Monday, March 14, 2016

Milton Keynes Sinfonia concert

14 March 2016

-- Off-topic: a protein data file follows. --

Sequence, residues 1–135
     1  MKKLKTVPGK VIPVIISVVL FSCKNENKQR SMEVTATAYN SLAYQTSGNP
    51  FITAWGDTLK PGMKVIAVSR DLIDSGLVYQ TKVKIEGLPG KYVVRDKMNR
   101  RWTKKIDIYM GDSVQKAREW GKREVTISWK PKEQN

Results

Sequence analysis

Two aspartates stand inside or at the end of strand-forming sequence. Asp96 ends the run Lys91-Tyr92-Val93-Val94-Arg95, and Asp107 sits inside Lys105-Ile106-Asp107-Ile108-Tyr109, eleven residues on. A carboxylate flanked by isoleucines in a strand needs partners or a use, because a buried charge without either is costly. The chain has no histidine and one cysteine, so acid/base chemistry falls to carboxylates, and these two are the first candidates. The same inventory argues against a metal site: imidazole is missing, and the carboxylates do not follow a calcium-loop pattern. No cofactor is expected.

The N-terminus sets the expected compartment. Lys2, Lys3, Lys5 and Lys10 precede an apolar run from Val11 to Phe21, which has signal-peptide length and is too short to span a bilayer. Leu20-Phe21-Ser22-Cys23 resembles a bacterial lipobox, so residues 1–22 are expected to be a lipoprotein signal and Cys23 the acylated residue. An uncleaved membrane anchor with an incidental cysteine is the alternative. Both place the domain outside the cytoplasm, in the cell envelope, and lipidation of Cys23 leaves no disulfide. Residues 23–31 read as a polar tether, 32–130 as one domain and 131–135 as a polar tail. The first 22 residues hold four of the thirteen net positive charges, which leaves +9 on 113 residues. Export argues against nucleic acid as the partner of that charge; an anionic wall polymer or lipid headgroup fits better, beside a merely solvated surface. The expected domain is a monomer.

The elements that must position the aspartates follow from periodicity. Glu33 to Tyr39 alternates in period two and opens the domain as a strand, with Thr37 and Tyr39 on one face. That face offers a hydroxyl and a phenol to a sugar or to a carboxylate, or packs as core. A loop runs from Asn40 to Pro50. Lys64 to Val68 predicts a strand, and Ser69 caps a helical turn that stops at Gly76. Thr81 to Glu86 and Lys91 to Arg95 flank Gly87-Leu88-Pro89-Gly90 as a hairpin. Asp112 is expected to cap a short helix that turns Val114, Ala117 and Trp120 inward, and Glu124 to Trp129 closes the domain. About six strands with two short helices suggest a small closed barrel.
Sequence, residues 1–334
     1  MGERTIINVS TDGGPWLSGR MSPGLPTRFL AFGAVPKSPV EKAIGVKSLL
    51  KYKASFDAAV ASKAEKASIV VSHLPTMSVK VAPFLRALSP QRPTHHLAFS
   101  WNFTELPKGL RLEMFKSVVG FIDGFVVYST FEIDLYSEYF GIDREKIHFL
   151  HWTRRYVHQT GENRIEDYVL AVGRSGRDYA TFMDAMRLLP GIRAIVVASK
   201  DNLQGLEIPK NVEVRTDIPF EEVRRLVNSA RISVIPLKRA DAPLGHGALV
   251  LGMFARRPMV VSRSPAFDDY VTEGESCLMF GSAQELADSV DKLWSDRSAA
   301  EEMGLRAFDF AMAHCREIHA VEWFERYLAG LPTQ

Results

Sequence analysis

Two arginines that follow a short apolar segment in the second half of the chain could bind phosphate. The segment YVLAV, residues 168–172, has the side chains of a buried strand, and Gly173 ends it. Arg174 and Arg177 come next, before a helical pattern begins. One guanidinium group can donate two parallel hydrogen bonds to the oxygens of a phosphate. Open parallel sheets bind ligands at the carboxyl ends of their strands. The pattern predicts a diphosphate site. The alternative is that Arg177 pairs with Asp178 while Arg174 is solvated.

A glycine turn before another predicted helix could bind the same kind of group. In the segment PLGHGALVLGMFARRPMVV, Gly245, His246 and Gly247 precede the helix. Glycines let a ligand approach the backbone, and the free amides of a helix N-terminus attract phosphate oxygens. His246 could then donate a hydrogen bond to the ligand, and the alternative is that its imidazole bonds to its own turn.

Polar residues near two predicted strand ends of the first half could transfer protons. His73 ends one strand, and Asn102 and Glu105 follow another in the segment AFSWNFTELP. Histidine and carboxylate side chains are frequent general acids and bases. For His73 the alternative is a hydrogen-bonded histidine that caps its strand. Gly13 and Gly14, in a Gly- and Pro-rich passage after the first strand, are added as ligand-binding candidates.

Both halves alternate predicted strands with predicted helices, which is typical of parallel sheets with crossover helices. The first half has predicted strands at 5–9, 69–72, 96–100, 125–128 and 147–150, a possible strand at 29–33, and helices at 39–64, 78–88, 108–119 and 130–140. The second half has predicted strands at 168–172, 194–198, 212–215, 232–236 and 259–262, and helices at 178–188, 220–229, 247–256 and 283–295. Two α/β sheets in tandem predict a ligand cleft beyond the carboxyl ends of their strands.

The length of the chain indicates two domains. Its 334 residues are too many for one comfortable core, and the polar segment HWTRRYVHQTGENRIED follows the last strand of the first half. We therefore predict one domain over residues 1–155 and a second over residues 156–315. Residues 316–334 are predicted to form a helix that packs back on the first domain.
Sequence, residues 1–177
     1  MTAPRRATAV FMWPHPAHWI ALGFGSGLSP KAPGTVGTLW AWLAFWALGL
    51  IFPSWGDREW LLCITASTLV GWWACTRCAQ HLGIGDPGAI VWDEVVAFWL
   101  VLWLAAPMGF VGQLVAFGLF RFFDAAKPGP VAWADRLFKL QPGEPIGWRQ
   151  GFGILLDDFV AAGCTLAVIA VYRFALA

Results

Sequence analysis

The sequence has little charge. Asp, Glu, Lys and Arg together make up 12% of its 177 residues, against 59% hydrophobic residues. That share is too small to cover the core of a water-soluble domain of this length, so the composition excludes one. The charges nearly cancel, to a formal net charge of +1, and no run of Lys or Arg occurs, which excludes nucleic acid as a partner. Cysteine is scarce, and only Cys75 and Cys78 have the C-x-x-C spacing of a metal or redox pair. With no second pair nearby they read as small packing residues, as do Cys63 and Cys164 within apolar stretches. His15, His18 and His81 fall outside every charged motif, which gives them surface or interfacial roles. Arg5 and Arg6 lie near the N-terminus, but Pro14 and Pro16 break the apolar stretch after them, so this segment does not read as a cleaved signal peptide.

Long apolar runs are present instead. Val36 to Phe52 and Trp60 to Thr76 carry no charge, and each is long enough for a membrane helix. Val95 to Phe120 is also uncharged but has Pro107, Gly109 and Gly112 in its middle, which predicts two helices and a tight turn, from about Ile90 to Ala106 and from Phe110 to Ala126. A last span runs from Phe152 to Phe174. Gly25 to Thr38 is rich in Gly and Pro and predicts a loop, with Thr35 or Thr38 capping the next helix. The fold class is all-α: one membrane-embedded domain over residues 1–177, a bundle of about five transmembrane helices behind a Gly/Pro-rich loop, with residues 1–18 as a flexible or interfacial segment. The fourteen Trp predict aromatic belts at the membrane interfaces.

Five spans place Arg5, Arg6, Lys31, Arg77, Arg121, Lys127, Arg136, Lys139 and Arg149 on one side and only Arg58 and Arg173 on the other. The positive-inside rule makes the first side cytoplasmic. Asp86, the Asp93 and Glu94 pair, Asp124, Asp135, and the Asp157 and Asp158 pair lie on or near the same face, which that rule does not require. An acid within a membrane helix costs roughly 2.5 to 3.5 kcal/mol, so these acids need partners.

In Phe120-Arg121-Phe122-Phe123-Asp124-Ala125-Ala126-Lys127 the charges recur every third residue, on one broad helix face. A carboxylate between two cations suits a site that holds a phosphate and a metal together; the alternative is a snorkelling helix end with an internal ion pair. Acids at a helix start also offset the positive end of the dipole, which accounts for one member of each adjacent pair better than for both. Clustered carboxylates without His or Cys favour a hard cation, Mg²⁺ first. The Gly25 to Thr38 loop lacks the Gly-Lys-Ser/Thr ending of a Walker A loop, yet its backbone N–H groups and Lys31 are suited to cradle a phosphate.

Another week, another stunning young Russian pianist: on Saturday I played in a Milton Keynes Sinfonia concert where the undoubted star of the show was Ilya Kondratiev who gave a thrilling performance of the spectacular 'Piano Concerto No 1' by Prokofiev. Ilya is an amazing pianist and was clearly having a great time, beaming from the moment he walked in, finishing the concerto with an exaggerated flourish and beguiling both audience and orchestra with two brilliant encores. Conductor David Knight and the Milton Keynes Sinfonia then faced the daunting challenge of following this bravura performance but, fortunately, we were armed with the substantial might of Shostakovich's 'Symphony No 10'. I played this symphony with the Northampton Symphony Orchestra nearly ten years ago (reviewed here in March 2006) and I was surprised how well I remembered it. It's a long, complex work that manages to be bleak, angry, powerful and beautifully delicate. Our performance on Saturday went really well and featured many excellent solos but I will particularly remember the piccolo solo by Andrea Patis at the end of the first movement and Kate Knight's horn solo in the slow movement which were both wonderful. We opened the concert with the ‘Adagio of Spartacus and Phrygia’ from ‘Spartacus’ by Khachaturian – still better known as the theme from 'The Onedin Line'. Having recently read Julian Barnes' novel about Shostakovich, 'The Noise of Time' (reviewed here in February 2016), it was interesting to see, in the concert programme, a rare photograph of Shostakovich, Prokofiev and Khachaturian together. Their stories are intertwined with each other, and with the story of 20th century Russia. It was fascinating to play music by all three on Saturday, in what was a great concert.

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